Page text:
A comparison of obesity indices in relation to mortality in type 2 diabetes: the Fremantle Diabetes Study

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Abstract

Aims/hypothesis: This prospective association study aimed to compare the relationship between each of four obesity indices and mortality risk in people with type 2 diabetes. Methods: The associations of BMI, waist circumference, WHR and A Body Shape Index (ABSI) with all-cause mortality were analysed in 1282 participants of the Fremantle Diabetes Study, followed for up to 20 years after baseline assessment. Models were adjusted for age and other confounders; assessments as continuous measures and by quintile were carried out for men and women separately. Sensitivity analyses were conducted to minimise reverse causality. Results: When indices were assessed as continuous variables, there were significant bivariate associations with mortality for: ABSI, which was greater in both men and women who died (p < 0.001); WHR, which was greater in women only (p = 0.033); and BMI, which was lower in women only (p < 0.001). When assessed by quintile, there were significant bivariate associations with mortality for ABSI in men and women (p < 0.001) and BMI in women only (p = 0.002). In Cox models of time to death, adjusted for age, diabetes duration, ethnicity and smoking, ABSI quintiles showed a linear trend for both men (p = 0.003) and women (p = 0.035). Men in the fifth ABSI quintile had an increased mortality risk compared with those in the first quintile (HR [95% CI]: 1.74 [1.24, 2.44]) and women in the fifth ABSI quintile had an increased mortality risk that approached statistical significance (1.42 [0.97, 2.08], p = 0.08). Men in the fifth WHR quintile had an increased mortality risk (1.47 [1.05, 2.06]). There was no association between mortality and BMI or waist circumference in either sex. Conclusions/interpretation: ABSI was the obesity index most strongly associated with all-cause mortality in Australians with type 2 diabetes. There was no evidence for an obesity paradox with any of the assessed indices. ABSI may be a better index of central obesity than waist circumference, BMI or WHR when assessing mortality risk in type 2 diabetes.

Original languageEnglish
Pages (from-to)528-536
JournalDiabetologia
Volume63
Issue number3
DOIs
Publication statusPublished - Mar 2020

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Type 2 Diabetes Mellitus
Obesity
Mortality
Waist Circumference
Abdominal Obesity
Proportional Hazards Models
Causality
Smoking
Prospective Studies

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@article{78740e155fa4494ea4d77d425580f2b3,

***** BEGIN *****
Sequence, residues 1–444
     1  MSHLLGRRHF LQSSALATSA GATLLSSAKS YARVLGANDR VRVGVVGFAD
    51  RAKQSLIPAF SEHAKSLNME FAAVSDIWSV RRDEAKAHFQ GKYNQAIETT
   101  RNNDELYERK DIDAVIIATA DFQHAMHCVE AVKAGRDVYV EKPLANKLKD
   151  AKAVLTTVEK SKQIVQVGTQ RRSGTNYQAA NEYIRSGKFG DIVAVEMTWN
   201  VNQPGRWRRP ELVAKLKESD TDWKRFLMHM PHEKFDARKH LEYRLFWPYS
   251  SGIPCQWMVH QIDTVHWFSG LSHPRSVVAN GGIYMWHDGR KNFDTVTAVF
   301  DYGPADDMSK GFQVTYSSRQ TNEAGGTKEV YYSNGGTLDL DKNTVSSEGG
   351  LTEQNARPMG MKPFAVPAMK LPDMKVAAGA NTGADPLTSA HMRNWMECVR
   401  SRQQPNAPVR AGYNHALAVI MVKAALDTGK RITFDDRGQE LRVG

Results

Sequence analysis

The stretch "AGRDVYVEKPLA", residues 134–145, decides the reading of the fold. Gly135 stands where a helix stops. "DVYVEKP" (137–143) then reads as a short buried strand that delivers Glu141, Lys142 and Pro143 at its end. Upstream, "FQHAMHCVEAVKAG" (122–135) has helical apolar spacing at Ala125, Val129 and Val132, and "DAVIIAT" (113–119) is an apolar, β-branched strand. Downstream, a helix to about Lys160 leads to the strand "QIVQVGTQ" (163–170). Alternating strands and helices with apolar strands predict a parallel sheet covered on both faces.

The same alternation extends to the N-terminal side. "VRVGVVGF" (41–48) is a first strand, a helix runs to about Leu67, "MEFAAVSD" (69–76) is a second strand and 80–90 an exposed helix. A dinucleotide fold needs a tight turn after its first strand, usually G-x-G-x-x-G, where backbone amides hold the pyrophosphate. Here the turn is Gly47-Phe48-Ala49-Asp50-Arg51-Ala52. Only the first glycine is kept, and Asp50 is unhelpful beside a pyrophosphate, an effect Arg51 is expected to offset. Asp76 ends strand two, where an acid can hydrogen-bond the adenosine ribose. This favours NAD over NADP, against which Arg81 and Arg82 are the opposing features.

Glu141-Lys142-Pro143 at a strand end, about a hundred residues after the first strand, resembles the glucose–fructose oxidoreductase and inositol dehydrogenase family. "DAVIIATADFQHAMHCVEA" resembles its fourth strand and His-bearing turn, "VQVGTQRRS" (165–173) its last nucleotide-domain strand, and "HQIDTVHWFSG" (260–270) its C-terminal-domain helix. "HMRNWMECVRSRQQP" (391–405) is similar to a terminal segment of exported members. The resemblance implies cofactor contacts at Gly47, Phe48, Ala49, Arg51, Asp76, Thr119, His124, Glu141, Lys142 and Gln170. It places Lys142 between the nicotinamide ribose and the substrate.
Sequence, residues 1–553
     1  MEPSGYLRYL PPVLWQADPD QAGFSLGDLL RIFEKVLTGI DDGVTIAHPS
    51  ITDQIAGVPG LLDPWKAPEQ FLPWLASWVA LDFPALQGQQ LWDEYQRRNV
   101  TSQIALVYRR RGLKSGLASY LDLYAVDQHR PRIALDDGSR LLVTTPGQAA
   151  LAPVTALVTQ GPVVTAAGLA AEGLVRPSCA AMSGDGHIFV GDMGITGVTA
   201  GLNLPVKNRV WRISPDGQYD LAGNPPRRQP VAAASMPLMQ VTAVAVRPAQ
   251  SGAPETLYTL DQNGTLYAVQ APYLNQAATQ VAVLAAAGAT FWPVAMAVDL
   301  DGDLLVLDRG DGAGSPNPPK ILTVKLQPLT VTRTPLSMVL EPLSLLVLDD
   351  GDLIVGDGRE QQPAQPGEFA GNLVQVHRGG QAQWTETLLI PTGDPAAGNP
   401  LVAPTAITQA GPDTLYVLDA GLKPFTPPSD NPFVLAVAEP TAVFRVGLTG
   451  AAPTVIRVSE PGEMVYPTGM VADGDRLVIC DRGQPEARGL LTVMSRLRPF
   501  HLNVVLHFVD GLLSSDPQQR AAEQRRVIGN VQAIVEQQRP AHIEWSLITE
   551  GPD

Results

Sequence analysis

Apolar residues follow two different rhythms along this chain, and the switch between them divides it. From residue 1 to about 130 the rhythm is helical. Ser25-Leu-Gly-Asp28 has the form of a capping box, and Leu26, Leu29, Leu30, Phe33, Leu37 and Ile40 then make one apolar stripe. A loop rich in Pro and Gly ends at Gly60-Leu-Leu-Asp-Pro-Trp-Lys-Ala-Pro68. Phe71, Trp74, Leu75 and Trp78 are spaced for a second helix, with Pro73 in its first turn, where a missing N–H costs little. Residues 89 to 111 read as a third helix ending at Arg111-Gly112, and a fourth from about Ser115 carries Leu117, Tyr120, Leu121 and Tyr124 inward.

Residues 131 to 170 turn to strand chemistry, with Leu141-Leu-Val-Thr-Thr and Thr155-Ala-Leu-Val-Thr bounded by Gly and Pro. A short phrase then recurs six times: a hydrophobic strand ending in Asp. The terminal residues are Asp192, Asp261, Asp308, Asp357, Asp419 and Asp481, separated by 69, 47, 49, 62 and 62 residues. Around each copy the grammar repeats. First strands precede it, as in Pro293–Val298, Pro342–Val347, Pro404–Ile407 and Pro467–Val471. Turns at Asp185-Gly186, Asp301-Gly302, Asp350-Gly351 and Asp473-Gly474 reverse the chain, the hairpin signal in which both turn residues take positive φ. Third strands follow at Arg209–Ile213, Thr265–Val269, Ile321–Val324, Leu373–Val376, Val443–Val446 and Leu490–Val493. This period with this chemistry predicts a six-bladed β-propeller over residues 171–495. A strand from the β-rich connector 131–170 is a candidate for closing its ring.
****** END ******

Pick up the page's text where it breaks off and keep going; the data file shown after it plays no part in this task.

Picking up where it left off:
title = "A comparison of obesity indices in relation to mortality in type 2 diabetes: the Fremantle Diabetes Study",
abstract = "Aims/hypothesis: This prospective association study aimed to compare the relationship between each of four obesity indices and mortality risk in people with type 2 diabetes. Methods: The associations of BMI, waist circumference, WHR and A Body Shape Index (ABSI) with all-cause mortality were analysed in 1282 participants of the Fremantle Diabetes Study, followed for up to 20 years after baseline assessment. Models were adjusted for age and other confounders; assessments as continuous measures and by quintile were carried out for men and women separately. Sensitivity analyses were conducted to minimise reverse causality. Results: When indices were assessed as continuous variables, there were significant bivariate associations with mortality for: ABSI, which was greater in both men and women who died (p < 0.001); WHR, which was greater in women only (p = 0.033); and BMI, which was lower in women only (p < 0.001). When assessed by quintile, there were significant bivariate associations with mortality for ABSI in men and women (p < 0.001) and BMI in women only (p = 0.002). In Cox models of time to death, adjusted for age, diabetes duration, ethnicity and smoking, ABSI quintiles showed a linear trend for both men (p = 0.003) and women (p = 0.035). Men in the fifth ABSI quintile had an increased mortality risk compared with those in the first quintile (HR [95{\%} CI]: 1.74 [1.24, 2.44]) and women in the fifth ABSI quintile had an increased mortality risk that approached statistical significance (1.42 [0.97, 2.08], p = 0.08). Men in the fifth WHR quintile had an increased mortality risk (1.47 [1.05, 2.06]). There was no association between mortality and BMI or waist circumference in either sex. Conclusions/interpretation: ABSI was the obesity index most strongly associated with all-cause mortality in Australians with type 2 diabetes. There was no evidence for an obesity paradox with any of the assessed indices. ABSI may be a better index of central obesity than waist circumference, BMI or WHR when assessing mortality risk in type 2 diabetes.",
keywords = "A Body Shape Index, Body Mass Index, Cohort study, Longitudinal study, Mortality, Obesity paradox, Type 2 diabetes, Waist Circumference, Waist-Hip ratio",
author = "Joel Tate and Matthew Knuiman and Davis, {Wendy A.} and Davis, {Timothy M.E.} and Bruce, {David G.}",